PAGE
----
ACIAR’s activities in Africa: a review

Since 1982 ACIAR has provided more than $101.8 million (in 2012 Australian dollars) to fund over 80 projects that focused either entirely or partly on African agricultural productivity. Within Africa, the area of focus has primarily been southern and eastern Africa. This desktop study undertook a review of a subset of ACIAR’s investment in Africa to develop some key findings and some lessons for the future, including:

  • Adoption of project outputs was higher when final users were engaged in the research or when there was a clear dissemination strategy, including research into the most effective way of delivering outputs to final users.
  • Barriers to adoption include:
  • a lack of final outputs that could be adopted
  • insufficient consideration of socioeconomic factors in the development of solutions and disseminating them to final users
  • a lack of clear understanding of partner capacity.

Adoption Study for projects completed in 2007–08

The adoption study report, which summarises the adoption level of outputs from nine projects completed in 2007–08 examined projects in nine individual partner countries. Three of the projects were on livestock health and related projects, with one horticulture project, four crop-related projects and one soil project. Relatively high levels of adoption appear to have been driven by strong economic incentives, such as improved incomes, higher yields and greater crop choice. Where levels of adoption were low, factors such as difficulty in accessing the target audience, high staff turnover resulting in limited adoption upon project completion, and cultural barriers prolonging the time to adoption were identified.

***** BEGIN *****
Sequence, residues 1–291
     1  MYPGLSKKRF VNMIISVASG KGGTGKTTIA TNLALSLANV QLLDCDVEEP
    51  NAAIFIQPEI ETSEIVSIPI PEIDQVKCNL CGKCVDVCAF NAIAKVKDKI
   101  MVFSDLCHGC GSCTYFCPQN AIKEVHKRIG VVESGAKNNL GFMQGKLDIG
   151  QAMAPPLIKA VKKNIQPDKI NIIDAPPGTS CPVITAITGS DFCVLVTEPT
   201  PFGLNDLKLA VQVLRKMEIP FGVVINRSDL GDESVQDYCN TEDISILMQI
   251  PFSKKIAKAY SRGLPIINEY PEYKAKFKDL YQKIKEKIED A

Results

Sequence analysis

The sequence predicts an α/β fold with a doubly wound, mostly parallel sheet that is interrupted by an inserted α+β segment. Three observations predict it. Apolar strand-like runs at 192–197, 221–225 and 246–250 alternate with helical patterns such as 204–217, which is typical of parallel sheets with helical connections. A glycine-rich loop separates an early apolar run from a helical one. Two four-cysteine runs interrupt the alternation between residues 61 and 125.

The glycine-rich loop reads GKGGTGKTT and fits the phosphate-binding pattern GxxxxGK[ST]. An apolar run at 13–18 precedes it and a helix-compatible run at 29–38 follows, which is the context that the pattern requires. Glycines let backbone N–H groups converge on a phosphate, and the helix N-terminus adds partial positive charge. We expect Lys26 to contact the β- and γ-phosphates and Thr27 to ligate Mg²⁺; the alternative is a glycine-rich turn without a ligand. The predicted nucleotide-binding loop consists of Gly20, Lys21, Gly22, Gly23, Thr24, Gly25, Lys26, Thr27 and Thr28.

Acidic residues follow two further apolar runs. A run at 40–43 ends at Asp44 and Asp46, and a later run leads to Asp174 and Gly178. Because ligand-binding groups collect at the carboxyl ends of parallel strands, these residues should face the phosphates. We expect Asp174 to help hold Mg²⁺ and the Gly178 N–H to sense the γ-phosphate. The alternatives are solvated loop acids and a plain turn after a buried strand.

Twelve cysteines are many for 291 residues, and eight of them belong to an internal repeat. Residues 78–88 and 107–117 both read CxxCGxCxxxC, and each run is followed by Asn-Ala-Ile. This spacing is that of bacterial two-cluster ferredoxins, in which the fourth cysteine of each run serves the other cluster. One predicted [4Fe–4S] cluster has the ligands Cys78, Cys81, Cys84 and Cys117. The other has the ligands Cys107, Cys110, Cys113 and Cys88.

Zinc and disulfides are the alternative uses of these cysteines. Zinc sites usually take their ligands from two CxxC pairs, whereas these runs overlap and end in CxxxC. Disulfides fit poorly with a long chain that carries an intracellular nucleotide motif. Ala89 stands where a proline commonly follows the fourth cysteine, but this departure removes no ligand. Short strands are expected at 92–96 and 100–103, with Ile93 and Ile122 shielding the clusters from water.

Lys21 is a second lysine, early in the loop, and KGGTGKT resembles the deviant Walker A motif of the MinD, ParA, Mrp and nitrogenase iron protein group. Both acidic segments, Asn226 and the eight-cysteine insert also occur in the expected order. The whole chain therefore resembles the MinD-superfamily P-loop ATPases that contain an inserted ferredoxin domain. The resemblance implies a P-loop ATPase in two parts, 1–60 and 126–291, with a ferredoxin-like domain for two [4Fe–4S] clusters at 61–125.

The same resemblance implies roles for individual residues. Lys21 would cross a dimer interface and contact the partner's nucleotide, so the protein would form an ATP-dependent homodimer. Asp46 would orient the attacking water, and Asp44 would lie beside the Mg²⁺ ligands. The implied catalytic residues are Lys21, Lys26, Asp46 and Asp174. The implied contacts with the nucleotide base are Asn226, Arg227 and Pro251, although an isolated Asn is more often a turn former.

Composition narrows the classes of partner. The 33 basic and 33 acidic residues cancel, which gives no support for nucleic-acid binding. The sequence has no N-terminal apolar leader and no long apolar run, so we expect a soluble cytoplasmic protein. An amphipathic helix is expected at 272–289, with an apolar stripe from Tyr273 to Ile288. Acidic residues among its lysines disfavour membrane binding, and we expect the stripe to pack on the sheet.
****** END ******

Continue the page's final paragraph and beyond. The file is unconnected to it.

Impact pathway analysis of ACIAR’s investment in rodent control in Vietnam, Lao PDR and Cambodia

Since 1995, ACIAR has funded a series of rodent control projects in south-east Asia. This study was carried out to assess ACIAR’s investment in rodent control through a qualitative and, where possible, quantitative, impact pathway analysis. It involved assessments of the projects undertaken in Vietnam, Lao PDR and Cambodia, and the uptake, where applicable, of the results of the project. The analysis revealed that the length of exposure to ecologically based rodent management (EBRM) practices has a positive effect on uptake and, hence, impact. Of the three countries, Vietnam had the largest number of projects (six) and the longest exposure (1995–2010) to rodent control and management activities. Laos had two projects (1999–2006), while experience with a rodent control project. These differences largely account for the varying levels of outputs, outcomes and impacts in each of the three countries.